In fact, he was so moved by her words that as the people of Ahl Al-Bayt prepared for their next journey, Yazîd took Zaynab’s nephew Zayn Al-Âbidîn aside to express his remorse for the treatment of the Prophet’s family during the events of the 10th of Muharram and its aftermath.
“May Allah curse Ibn Marjânah. Lo, by Allah! Had I been one of your father’s companions, he would never have asked me for anything except that I would have given it to him, and I would have protected him from death with everything I could, even if it meant that one of my sons had to perish. However, Allah decreed what you witnessed, my young son. Write to me from Madinah with all your needs.”
Zaynab and her family chose to go back to Madinah, but their stay was cut short. Alarmed by the reaction of the people of Madinah to Zaynab’s return, the governor Umar ibn Sa’îd wrote swiftly to Yazîd, saying:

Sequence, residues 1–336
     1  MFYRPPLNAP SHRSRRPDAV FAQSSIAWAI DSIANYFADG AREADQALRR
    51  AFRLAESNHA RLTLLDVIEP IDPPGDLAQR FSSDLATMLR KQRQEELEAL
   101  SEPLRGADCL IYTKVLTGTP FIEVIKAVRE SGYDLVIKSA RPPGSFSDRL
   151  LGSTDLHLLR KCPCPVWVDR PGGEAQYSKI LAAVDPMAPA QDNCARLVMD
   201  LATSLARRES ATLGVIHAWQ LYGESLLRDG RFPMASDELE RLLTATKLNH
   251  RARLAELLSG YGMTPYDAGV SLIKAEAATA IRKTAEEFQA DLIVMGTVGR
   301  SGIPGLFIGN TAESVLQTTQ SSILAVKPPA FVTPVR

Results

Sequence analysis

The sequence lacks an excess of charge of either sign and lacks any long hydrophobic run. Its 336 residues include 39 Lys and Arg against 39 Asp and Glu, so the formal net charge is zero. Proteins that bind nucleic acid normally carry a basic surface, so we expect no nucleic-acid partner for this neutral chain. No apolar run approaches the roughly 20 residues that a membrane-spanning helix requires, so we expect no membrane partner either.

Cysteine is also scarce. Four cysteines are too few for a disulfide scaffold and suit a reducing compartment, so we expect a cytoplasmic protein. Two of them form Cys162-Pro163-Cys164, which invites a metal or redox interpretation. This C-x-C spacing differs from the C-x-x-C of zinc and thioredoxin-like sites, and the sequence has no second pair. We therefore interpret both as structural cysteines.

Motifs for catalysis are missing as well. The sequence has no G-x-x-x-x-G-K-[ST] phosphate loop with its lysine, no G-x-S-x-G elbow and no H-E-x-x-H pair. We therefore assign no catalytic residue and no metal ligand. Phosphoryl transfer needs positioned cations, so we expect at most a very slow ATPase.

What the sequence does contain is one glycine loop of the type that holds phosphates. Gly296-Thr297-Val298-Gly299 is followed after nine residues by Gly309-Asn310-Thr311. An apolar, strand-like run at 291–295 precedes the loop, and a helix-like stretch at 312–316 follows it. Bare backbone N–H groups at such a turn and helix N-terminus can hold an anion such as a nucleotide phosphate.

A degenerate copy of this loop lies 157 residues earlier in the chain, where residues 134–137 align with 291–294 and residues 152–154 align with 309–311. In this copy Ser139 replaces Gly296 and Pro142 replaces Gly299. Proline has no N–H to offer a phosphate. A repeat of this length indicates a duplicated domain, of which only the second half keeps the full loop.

The presence of Zaynab in Madinah arouses people’s emotions and roils their thoughts because she is eloquent and intelligent. When she talks, she grabs their undivided attention, and when she delivers a speech, she enchants their minds and hearts. It is possible that she will request justice for the spilling of Al-Hussein’s blood, which will have undesirable effects and ramifications that only Allah knows.
What We Owe to Ourselves
Thus was Zaynab bint Ali ibn Abi Ṭâlib: a woman in whose veins ran the blood of the Messenger of Allah, whose tongue recited the Words of Allah, whose life was marked by sorrow and grief without end – yet whose faith never wavered, whose courage never diminished, whose dignity never faded.
It is all too easy to end her story on such a note, to admire her as a heroine without peer, to place her upon a pedestal and leave her there. However, her life was much more than just a fascinating historical incident – rather, it is a sign for us to reflect upon, a lesson for us to learn from.
Ahl Al-Bayt. Karbala. Al-Ḥassan. Al-Ḥussain. Yazîd.